• Add eggplant mixture. Mix well.
  • Cover and cook, stirring occasionally, until eggplant pieces are cooked well (should not be mushy). Add little water if the curry is becoming too dry.
This curry taste good both with boiled rice and roti. Traditionally this is served with steaming rice with generous amount of ghee (clarified butter)

Thursday, May 10, 2007

Bengaluru Mirapa - Senagapindi

(Bell Pepper Curry - Andhra Style)

This is a heavenly, fragrant curry that can be made with not so much effort. I make this variety of preparation whenever I crave for authentic Andhra fare, but short on time and energy. From prep work till serving this dish with a delicious meal takes only 30 minutes (Rachel Ray-ish).

RCI (Regional Cuisines of India), a brilliant event was started by Lakshmi of Veggie Cuisine. I misses RCI-Tamil Cuisine, which I love. This time, its RCI-Andhra, my native cuisine, hosted by Latha. So, this month, its a parade of Andhra food. yay!

What you need to make this Curry:
2-3 medium green bell peppers
1/2 medium onion, diced
1 green chili, sliced
1/2 -3/4 cup gram flour or chick-pea flour (sengapindi)
1-2 tsp red chili powder
2 cloves garlic
1 tsp jeera (cumin seeds)
Salt to taste
1-2 tbsp chopped cilantro (fresh coriander leaves)
Tadka/Seasoning Items:
3-4 tbsp cooking oil
1 tsp each chana dal, urad dal
1 tsp each mustard seeds, cumin seeds
1-2 sprigs curry leaves
one or two pinches hing powder
Prep Work:
-Wash the bell peppers, core them, and dice them into small bite sized pieces. The core with stem should be discarded; the core with seeds can be used.
-Roast jeera seeds until they leave nice aroma. Cool, keep aside.
-If using flour from puffed chickpeas, no need to roast the flour.
-If using raw flour, roast on a low flame until it leaves nice aroma.
-Pound flour, cumin seeds, garlic cloves together to a breadcrumbs like consistency. Add little water to make thick paste of pouring consistency

  • Heat a skillet , add oil. When the oil starts 'dancing', add tadka items in the order they are given.
  • Once the mustard seeds stop spluttering, add onions, green chili. Saute for 1-2 minutes or until the onions become translucent.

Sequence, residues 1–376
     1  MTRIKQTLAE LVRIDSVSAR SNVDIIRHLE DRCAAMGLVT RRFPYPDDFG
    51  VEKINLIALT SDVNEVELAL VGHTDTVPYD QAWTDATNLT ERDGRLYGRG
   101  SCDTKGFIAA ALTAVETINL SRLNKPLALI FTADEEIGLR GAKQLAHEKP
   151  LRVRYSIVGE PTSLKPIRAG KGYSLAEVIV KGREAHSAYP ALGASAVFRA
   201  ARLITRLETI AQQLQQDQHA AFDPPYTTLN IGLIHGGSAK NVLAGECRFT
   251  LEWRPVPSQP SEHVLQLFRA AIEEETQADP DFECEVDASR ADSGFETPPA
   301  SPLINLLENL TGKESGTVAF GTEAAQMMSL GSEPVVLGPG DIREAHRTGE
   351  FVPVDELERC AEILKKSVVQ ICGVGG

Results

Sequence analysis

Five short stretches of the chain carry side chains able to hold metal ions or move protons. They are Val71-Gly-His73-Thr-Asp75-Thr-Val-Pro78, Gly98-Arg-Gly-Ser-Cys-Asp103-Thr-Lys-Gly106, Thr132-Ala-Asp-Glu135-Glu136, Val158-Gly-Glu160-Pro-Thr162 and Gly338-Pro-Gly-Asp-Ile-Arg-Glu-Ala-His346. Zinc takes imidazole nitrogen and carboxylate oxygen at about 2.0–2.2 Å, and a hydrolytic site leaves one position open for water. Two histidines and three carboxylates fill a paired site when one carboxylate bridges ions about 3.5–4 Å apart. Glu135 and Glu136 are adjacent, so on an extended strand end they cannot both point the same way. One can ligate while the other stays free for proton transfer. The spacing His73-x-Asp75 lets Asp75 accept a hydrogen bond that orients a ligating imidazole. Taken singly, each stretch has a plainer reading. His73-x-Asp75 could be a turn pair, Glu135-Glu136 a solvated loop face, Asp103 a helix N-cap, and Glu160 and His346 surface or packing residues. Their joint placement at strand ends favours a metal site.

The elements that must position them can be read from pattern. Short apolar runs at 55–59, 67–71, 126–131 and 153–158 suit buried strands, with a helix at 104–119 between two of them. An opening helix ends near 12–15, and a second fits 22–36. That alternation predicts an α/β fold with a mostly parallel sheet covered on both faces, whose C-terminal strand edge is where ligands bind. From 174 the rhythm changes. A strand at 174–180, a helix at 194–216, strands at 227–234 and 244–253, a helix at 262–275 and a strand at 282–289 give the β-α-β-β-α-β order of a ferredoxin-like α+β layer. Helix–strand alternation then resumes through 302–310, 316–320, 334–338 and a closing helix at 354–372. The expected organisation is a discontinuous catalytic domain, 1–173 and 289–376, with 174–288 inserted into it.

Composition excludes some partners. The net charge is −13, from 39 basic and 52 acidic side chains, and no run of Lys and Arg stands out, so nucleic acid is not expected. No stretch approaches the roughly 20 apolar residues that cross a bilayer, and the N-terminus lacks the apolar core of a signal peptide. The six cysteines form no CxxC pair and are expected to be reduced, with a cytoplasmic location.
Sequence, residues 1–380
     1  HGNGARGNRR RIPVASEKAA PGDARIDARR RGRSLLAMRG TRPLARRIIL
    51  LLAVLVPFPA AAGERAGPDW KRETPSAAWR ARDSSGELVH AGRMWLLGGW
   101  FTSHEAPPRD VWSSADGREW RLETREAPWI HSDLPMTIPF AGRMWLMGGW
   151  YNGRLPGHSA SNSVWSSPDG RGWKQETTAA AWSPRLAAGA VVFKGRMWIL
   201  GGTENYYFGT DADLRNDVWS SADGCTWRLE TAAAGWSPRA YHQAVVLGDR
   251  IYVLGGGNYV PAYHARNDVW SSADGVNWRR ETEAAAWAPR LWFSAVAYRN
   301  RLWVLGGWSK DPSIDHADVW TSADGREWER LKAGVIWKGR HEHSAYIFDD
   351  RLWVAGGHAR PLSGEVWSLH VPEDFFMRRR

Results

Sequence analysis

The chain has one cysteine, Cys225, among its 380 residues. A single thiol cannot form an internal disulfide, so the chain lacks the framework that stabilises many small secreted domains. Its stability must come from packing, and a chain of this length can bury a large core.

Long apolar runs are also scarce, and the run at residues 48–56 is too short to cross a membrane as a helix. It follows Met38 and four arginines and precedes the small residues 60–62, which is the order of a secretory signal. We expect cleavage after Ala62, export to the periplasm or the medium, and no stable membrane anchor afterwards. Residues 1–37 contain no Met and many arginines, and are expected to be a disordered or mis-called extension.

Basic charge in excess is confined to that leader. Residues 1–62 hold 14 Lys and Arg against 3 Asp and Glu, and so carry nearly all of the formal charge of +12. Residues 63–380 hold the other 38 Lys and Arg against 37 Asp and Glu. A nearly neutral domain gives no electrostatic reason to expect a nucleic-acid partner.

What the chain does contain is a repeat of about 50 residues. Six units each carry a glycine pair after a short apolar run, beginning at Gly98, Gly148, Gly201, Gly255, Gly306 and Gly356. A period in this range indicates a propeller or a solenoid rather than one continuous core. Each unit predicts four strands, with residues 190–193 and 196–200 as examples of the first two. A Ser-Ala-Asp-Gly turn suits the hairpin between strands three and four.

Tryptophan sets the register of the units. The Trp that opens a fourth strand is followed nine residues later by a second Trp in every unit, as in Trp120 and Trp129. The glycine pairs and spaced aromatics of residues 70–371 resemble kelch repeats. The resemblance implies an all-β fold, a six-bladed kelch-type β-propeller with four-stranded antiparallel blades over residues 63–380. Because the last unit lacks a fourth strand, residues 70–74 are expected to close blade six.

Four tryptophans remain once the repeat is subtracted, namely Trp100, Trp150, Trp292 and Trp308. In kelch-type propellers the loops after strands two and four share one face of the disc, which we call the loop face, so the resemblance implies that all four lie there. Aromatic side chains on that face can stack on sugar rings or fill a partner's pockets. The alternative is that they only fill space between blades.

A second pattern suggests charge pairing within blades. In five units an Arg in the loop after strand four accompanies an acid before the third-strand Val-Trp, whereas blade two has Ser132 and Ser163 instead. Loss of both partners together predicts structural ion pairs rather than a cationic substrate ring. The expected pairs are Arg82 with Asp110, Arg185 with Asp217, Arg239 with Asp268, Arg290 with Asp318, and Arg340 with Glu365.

• Add bell pepper pieces, salt, mix well; cover and cook for 10-12 minutes, occasionally mixing.
  • Salt will make the bell peppers cook faster. Once cooked soft, but not mushy, add the flour mixture. Mix well by turning gently. Cook until the flour mixture is thickened and a light brown crust is formed. Do not turn a lot during this time.
  • Serve with steamed rice and rasam

From Guntur - Kakarakaaya Bellam Vepudu- RCI- Andhra Cuisine

(Bitter gourd with jaggery)
'Vepudu' on Telugu is a dry curry, vegetables or meat are cooked until the water content is evaporated. The end result is a semi-crispy vegetables or meat packed with flavor.
Bitter gourd is one vegetable that needs some skill to make a tasty dish out of it. One small mistake or neglect would result a very unappetizing preparation. The preparation of a good bitter-gourd dish starts with selecting right gourds. Choose gourds which are not too young (no flavor) or too bulky and old (hard to cook, bitterness is too harsh).
There are numerous ways that karela can be prepared; but, this one is close to my heart, as it blends most of the 6 tastes (Salt, Pungency, Bitterness, Sweet, Astringent, Sourness)

What you need to make this 'Vepudu':

6-7 medium sized bitter-gourds (karelas)
1/4 medium onion, sliced
2 green chilies, chopped
1-2 tbsp jaggery
2 tbsp turmeric powder (I'm not out of my mind :-) Please see under Prep Work)
2 cloves garlic
1-2 tsp red chili powder (depending on tolerance)
5 tbsp cooking oil
Salt to taste
and tadka items: 1tsp each chana dal, urad dal, mustard seeds, cimun seeds, two sprigs curry leaves

Prep Work:
-Quarter karelas, and slice into 1/4th inch thick pieces. Sprinkle salt and turmeric powder, rub well, keep aside for 30 minutes. As the salt and turmeric powder are absorbed, salt brings out the excess water in the karelas, turmeric powder, adds a fabulous flavor.
-Squeeze well either by hand or in a kitchen towel and then squeezing; either way, the pieces should look wilted by the end.
-Grind garlic cloves and red chili powder together.(Mortar and Pestle or a back of spoon work better than a food processor/blender)

  • Heat oil in a wide skillet or wok. Add the tadka items in the order given.
  • Add the karela pieces, mix well. Cook for 15 minutes on medium heat, turning occasionally. The karela pieces should be done half-way through.
  • Add onion and green chilies. Mix well and cook for another 15 minutes or until the karela pieces are well-cooked, i.e., the pieces are soft to bite with a crispy outer layer, doesn't feel like a piece of mulch when you bite.
  • Add chili powder mixture and jaggery. Mix well and cook for another minute or two.
  • Serve with rice and mudda pappu (plain boiled toor dal/pigeon peas) with a spoon of ghee.

    • My contribution for RCI-Andhra Cuisine.